Canada’s top doctor says negotiations are underway for more vaccine to curtail monkeypox as confirmed cases reached 278 nationwide.
Chief public health officer Theresa Tam says there are “continuing discussions and contract negotiations” to obtain doses from Bavarian Nordic, the Danish manufacturer of a smallpox vaccine approved for use against monkeypox.
She says current doses are coming from Canada’s National Emergency Strategic Stockpile for targeted use in high-risk areas.
That includes Quebec, where Tam says more than 7,000 people have received shots, and Ontario, where she estimates about 5,000 people have been vaccinated.
She says provinces have the supply they need for now, but that federal officials are keeping close tabs as regions draw down supply.Tam says that as of June 29, there were 202 confirmed cases of monkeypox reported from Quebec, 67 from Ontario, five from Alberta, and four from British Columbia.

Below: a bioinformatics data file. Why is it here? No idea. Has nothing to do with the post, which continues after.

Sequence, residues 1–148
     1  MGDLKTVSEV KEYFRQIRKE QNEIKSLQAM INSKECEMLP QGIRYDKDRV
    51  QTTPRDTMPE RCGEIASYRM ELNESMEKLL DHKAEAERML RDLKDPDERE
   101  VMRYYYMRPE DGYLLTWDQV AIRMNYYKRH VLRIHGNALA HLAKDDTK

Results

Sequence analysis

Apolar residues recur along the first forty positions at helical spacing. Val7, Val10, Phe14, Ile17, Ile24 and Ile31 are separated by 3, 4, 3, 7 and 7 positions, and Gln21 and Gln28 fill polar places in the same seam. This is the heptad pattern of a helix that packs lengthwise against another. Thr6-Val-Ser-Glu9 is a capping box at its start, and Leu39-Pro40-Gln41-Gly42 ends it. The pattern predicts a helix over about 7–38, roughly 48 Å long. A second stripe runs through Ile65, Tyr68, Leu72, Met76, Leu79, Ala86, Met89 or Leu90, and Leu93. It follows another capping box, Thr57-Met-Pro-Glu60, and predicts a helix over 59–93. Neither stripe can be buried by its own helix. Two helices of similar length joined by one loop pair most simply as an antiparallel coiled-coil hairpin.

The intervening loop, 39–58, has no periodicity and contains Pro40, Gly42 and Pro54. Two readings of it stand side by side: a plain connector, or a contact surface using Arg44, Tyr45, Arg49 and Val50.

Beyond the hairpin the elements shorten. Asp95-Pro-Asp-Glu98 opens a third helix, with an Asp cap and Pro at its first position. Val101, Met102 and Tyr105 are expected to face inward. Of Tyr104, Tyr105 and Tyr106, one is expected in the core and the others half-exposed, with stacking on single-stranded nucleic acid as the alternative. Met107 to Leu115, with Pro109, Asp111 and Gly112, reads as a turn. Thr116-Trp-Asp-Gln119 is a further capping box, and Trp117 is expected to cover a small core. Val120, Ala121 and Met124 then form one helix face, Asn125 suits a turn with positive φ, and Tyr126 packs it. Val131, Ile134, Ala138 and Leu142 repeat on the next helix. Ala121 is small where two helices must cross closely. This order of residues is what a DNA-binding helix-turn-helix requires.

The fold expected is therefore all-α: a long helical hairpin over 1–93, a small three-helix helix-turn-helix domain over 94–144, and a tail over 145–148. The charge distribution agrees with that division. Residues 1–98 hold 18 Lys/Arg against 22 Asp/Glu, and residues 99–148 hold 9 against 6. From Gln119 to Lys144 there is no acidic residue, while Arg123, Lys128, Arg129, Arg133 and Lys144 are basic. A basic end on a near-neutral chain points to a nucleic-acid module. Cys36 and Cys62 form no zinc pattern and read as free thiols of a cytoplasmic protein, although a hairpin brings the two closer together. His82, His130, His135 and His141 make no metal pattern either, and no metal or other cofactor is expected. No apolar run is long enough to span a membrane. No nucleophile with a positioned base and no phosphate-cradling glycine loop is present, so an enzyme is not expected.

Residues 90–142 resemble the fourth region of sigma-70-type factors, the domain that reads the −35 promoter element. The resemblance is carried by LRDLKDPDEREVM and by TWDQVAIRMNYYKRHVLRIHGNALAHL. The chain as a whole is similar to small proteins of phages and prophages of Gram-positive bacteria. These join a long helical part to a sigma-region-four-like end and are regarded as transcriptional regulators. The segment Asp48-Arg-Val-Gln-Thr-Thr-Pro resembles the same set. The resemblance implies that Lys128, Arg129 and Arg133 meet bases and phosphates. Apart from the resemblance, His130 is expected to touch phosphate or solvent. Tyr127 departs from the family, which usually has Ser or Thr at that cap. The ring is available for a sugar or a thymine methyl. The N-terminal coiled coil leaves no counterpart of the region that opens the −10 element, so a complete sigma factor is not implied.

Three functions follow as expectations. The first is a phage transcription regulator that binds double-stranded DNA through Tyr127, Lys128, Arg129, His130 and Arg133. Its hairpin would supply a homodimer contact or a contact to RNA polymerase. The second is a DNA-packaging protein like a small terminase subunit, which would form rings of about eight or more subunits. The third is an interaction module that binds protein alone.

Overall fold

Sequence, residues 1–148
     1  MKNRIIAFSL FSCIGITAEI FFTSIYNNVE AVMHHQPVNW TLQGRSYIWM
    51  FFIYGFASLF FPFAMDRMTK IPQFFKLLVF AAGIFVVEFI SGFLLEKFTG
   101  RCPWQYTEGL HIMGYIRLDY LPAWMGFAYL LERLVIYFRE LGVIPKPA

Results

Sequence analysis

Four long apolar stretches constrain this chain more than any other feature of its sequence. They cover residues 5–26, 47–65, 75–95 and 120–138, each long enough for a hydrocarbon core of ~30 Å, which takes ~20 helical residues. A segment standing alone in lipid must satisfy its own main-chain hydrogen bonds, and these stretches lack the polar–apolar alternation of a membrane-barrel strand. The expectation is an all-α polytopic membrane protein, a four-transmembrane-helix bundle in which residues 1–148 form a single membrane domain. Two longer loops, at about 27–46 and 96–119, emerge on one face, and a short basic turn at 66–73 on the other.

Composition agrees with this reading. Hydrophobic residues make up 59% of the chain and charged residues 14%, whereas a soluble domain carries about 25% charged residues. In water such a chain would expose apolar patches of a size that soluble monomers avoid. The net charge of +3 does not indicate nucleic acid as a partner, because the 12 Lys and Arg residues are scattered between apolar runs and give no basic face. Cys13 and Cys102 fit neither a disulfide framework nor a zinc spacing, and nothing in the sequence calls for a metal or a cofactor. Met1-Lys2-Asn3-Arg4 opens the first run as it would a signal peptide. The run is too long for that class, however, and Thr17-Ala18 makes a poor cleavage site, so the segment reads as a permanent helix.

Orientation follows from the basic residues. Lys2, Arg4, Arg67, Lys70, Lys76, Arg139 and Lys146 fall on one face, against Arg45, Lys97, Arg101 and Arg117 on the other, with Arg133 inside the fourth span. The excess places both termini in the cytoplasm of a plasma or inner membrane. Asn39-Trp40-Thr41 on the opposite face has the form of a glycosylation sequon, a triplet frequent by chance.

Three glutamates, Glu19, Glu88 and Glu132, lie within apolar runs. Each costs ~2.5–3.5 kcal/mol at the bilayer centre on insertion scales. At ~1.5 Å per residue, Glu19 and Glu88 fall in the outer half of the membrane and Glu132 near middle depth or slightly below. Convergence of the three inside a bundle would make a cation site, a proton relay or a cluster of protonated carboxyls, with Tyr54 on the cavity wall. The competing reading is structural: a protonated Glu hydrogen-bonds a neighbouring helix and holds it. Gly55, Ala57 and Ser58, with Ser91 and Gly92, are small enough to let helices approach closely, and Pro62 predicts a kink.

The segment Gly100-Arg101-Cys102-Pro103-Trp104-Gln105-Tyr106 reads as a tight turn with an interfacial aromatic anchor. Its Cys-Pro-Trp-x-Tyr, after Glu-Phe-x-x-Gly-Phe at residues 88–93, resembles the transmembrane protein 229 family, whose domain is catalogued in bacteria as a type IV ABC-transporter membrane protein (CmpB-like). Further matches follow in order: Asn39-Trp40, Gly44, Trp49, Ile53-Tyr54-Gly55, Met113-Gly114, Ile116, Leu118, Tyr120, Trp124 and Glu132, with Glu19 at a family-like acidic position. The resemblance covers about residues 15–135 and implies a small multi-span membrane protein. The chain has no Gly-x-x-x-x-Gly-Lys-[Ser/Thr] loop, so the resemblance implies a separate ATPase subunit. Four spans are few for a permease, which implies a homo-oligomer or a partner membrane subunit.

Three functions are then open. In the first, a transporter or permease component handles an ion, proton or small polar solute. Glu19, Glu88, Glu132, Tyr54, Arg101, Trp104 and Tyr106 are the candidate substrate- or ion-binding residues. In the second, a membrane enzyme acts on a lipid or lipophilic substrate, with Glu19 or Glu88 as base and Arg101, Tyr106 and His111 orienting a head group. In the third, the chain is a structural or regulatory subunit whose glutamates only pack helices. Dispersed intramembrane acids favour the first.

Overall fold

The majority of cases are males between the ages of 20 and 69 years, and the majority reported intimate sexual contact with other men, although the risk of monkeypox is not exclusive to any group or setting.
Tam stressed that anyone, no matter their gender or sexual orientation, could get infected if they are in close contact with someone who has monkeypox, or if they come in contact with personal objects belonging to someone infected, including towels or bed linens.
Bavarian Nordic said earlier this month that the Public Health Agency of Canada had agreed to a US$56 million, five-year contract to purchase their Imvamune vaccine.
Deliveries were expected to begin in 2023.Tam would not comment on how much remains in Canada’s stockpile, but said provinces now carrying out vaccinations “have what they need.”
“We’ve been having very close bilateral discussions with provinces in terms of the supply as they begin to draw down on the supply allocated to their particular jurisdiction,” Tam said Thursday.
“Of course, there is continuing discussions and contract negotiations with Bavarian Nordic, the manufacturer, to access more.”
The Canadian Press